Dell Alienware AW3821DW Review: 3840×1600 144Hz 1ms IPS G-SYNC UltraWide Curved Gaming Monitor

The Dell Alienware AW3821DW is a 38" 3840x1600 ultrawide curved gaming monitor based on a fast IPS panel with a wide color gamut, G-SYNC, and HDR600.

Bottom Line

The Dell Alienware AW3821DW delivers both an immersive and responsive gaming experience thanks to its 38″ 3840×1600 144Hz IPS panel with fast response time, vibrant colors, G-SYNC, and DisplayHDR 600.

However, it’s not cheap and has its share of downsides that you should familiarize yourself with in order to ensure this gaming monitor is right for you.


If you’re after a 38″ ultrawide gaming monitor, the Dell Alienware AW3821DW is the only model that offers both a native G-SYNC module and DisplayHDR 600 certification, yet it is competitively priced. Here’s what you need to know about it and its alternatives.

Image Quality

Based on a Nano IPS panel, the Dell Alienware AW3821DW monitor delivers vibrant colors, covering over 95% of the DCI-P3 color space.

Its gamut is equivalent to ~131% sRGB, which provides rich and saturated colors with improved shade variety, especially with reds and greens.

Alas, Dell/Alienware didn’t include an sRGB emulation mode that could restrict the panel’s wide color gamut to ~100% sRGB for an accurate color representation of sRGB content (most games and web content).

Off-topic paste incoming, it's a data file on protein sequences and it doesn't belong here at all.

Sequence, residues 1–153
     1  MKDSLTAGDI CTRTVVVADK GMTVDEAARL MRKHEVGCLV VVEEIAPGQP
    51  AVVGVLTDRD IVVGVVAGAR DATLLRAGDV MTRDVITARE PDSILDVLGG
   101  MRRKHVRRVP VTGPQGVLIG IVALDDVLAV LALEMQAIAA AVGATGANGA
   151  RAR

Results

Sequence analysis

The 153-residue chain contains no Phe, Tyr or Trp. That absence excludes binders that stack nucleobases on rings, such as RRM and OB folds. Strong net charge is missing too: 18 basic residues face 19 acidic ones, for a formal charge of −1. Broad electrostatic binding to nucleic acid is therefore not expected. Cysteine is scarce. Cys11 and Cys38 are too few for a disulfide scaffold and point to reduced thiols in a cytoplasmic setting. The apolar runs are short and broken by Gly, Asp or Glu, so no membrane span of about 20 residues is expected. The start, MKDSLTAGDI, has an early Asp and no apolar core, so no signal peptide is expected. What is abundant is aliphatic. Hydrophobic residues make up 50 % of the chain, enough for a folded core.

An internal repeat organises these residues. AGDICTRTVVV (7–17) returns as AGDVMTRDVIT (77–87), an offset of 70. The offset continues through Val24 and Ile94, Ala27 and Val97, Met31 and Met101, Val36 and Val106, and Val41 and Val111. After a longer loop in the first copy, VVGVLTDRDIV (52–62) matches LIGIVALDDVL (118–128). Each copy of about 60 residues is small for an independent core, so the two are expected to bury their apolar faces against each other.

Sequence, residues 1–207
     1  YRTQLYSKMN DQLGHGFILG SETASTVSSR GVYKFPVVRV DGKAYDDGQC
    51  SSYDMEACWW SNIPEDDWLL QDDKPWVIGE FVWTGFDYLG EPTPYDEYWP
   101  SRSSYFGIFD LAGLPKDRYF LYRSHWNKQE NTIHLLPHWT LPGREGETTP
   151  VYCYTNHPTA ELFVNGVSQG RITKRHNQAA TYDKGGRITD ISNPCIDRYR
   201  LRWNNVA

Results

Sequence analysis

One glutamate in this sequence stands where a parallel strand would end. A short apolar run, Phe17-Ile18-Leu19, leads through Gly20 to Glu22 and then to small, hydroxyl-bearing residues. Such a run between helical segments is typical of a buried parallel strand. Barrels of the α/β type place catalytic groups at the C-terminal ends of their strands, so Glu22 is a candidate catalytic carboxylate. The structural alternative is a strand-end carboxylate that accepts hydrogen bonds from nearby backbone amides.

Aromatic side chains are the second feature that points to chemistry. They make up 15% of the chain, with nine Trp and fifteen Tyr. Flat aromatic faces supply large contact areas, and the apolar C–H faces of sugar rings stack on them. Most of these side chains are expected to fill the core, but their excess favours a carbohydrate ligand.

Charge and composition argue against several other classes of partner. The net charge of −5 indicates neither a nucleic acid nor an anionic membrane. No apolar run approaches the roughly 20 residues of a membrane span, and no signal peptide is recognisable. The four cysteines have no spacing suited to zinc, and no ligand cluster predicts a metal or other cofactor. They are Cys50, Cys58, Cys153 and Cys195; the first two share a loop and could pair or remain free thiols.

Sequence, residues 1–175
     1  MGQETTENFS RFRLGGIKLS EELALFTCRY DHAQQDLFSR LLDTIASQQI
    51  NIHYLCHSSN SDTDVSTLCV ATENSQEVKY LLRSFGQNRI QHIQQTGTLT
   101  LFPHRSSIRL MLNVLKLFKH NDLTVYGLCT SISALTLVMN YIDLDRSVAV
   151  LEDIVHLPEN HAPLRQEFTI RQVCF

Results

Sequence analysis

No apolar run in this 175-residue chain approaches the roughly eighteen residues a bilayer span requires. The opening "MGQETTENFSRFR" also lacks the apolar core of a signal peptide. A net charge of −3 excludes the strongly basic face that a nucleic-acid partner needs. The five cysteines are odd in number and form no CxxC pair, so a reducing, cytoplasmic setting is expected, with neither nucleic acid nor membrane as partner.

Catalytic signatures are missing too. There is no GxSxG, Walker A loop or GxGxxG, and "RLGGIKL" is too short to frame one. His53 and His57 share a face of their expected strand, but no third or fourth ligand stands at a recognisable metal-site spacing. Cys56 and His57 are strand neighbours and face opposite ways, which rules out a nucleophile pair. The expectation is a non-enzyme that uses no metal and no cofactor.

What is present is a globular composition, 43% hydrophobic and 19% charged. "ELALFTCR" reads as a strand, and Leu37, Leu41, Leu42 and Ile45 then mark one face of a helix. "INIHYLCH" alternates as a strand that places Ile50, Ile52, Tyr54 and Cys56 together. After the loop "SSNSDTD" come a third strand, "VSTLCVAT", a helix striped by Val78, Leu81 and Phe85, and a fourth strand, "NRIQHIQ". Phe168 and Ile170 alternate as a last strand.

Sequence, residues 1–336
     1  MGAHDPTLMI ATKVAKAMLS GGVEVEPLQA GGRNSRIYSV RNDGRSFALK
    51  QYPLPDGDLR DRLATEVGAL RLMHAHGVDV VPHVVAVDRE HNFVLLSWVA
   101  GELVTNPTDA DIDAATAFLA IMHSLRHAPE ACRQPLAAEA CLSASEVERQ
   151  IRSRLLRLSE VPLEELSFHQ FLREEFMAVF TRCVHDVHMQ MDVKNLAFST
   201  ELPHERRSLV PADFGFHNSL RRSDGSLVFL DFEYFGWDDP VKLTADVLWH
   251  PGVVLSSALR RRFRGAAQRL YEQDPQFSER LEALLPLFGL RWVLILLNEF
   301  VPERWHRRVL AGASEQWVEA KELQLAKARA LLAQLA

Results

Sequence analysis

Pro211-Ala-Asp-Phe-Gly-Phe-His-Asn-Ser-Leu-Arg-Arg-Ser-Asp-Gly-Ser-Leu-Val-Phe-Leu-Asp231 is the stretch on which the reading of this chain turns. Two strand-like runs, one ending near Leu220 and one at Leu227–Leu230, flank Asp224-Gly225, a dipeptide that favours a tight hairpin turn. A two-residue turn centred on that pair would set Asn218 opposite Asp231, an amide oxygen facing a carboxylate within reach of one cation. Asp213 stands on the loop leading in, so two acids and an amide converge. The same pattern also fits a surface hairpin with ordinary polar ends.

This means that most of the content you see will be over-saturated. Some users might prefer this extra color vibrancy, but it’s not the intended look by creators.

Alternatively, if you have an AMD graphics card, you can clamp the gamut via the Radeon software by enabling ‘Custom Color.’ For NVIDIA users, there’s a third-party tool called novideo_srgb that does the same (and more).

amd drivers srgb gamut clamp

Apart from that, the colors are vibrant, precise, and consistent across the entire screen and at all times thanks to the wide 178° viewing angles of the IPS technology.

Moving on, thanks to the monitor’s high 3840×1600 resolution, details and text are crystal-clear and you get plenty of screen space.

On the 37.5″ viewable screen, you get a pixel density of ~110 PPI (pixels per inch), which many consider to be the sweet spot as you don’t have to use any scaling yet you get a lot of screen real estate and a crisp picture.

Note that such high resolution is quite demanding to drive, so check some benchmarks of your CPU/GPU at 3840×1600 to see if you’ll get a satisfactory frame rate in your favorite games.